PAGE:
Like all good things, the performance-enhancing policies must come to an end.
Four years after the stock market hit bottom, it is flirting with an all-time high. On Monday, the Dow Jones industrial average enjoyed its second highest close ever and was just 37 points away from a new record — more than double its level during the dark days of March 2009.
The turnabout is testament to healthy corporate profits and the resilience of America’s free enterprise system. And it’s a huge relief to workers whose 401(k) plans are tied to equities. But the risky little secret of the rebound is that it is powered in significant part by the easy-money policies of the Federal Reserve, which must one day end…..
Markets are headed for a ”watershed moment,” in which investors realize the economy “is finally breaking away from trend growth and the days of [quantitative easing] are numbered,” analysts at Societe Generale said in a lengthy and detailed note that delves into the ramifications for that realization for everything from the dollar to commodities to risk assets.
The impact across asset classes, however, may depend on whether bond investors gradually push yields higher or panic over the implications of the Fed’s eventual exit from its ultra-easy monetary policy, they said.
The IBD/TIPP Economic Optimism Index fell 10.8 percent in March to 42.2, down from 47.3 in February.
A reading below 50 indicates net pessimism.
“Americans across-the-board think that the economic outlook is grim,” said Raghavan Mayur, president of TIPP.
“The big slide in our economic outlook sub-index perhaps signals a turning point and an impending entry into a recession. This month sixty percent believe that the economy is in a recession.”
CHAPEL HILL, N.C. (MarketWatch) — Too many investors are getting carried away in their excitement about the Dow Jones Industrial Average’s return to the vicinity of its all-time high from late 2007— and therefore overlooking a depressing fact:
Even though the Dow (DJI:DJIA) succeeded in eclipsing that high, it still provided investors with a zero return over the last five and one-half years. Coupled with the bursting of the Internet bubble at the turn of the century, this means that even the market’s longer term returns are well below average: Over the last 15 years, for example, equities have produced a total return of less than half their historical norm. Read Market Snapshot “U.S. stocks rally to lift Dow to new heights.”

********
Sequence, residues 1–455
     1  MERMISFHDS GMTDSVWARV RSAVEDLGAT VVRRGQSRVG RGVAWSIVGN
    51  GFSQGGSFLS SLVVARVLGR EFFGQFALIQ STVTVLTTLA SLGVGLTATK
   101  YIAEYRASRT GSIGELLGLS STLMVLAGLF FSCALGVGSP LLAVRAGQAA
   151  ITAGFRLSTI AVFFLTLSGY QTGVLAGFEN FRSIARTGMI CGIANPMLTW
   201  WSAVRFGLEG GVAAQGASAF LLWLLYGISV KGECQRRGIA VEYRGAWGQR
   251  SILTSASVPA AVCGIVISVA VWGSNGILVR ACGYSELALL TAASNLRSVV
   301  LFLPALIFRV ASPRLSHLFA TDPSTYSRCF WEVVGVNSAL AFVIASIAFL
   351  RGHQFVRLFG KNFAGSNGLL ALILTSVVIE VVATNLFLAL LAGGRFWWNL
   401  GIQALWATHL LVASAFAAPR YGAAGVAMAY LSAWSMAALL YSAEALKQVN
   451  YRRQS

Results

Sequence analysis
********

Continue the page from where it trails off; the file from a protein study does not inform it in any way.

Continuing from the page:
What’s all the excitement about?
I concede that it may be poor form to remind everyone of these historical realities just days before the bull market will be celebrating the fourth anniversary of its birth. But that’s the job of a contrarian. If everyone were instead depressed and complaining that stocks are a worthless investment, a contrarian would instead be celebrating the market’s many impressive achievements. Hedge-fund legend Stan Druckenmiller says this will “end very badly.”
But that’s definitely not the case now….
“Mission Accomplished” – “we all know it’s going to end badly, but in the meantime we can make some money” – ZH translation: “just make sure to sell ahead of everyone else.”
When Debbie Bruister buys a gallon of milk at her local Kroger supermarket, she pays $3.69, up 70 cents from what she paid last year.
Getting to the store costs more, too. Gas in Corinth, Miss., her hometown, costs $3.51 a gallon now, compared to less than three bucks in 2012. That really hurts, considering her husband’s 112-mile daily round-trip commute to his job as a pharmacist.
Bruister, a mother of four, received a $1,160 raise this school year at her job as an eighth-grade computer teacher. The extra cash — about $97 a month, before taxes and other deductions — isn’t enough for her and her husband to keep up with their rising costs, especially after the elimination of the payroll tax break. Its loss shrunk their paychecks by more than $270 a month.
“If you look at how much prices are going up, you get in the hole really quick,” Bruister said. “It’s a constant squeeze.”
In the wake of the Great Recession, millions of middle-class people are being pinched by stagnating incomes and the increased cost of living. America’s median household income has dropped by more than $4,000 since 2000, after adjusting for inflation, and the typical trappings of middle-class life are slipping out of financial reach for many families.
specter of the return of the euro crisis is never far away. Not a single problem in the currency zone has been definitively resolved & some are questioning if the European Central Bank might have to intervene again.
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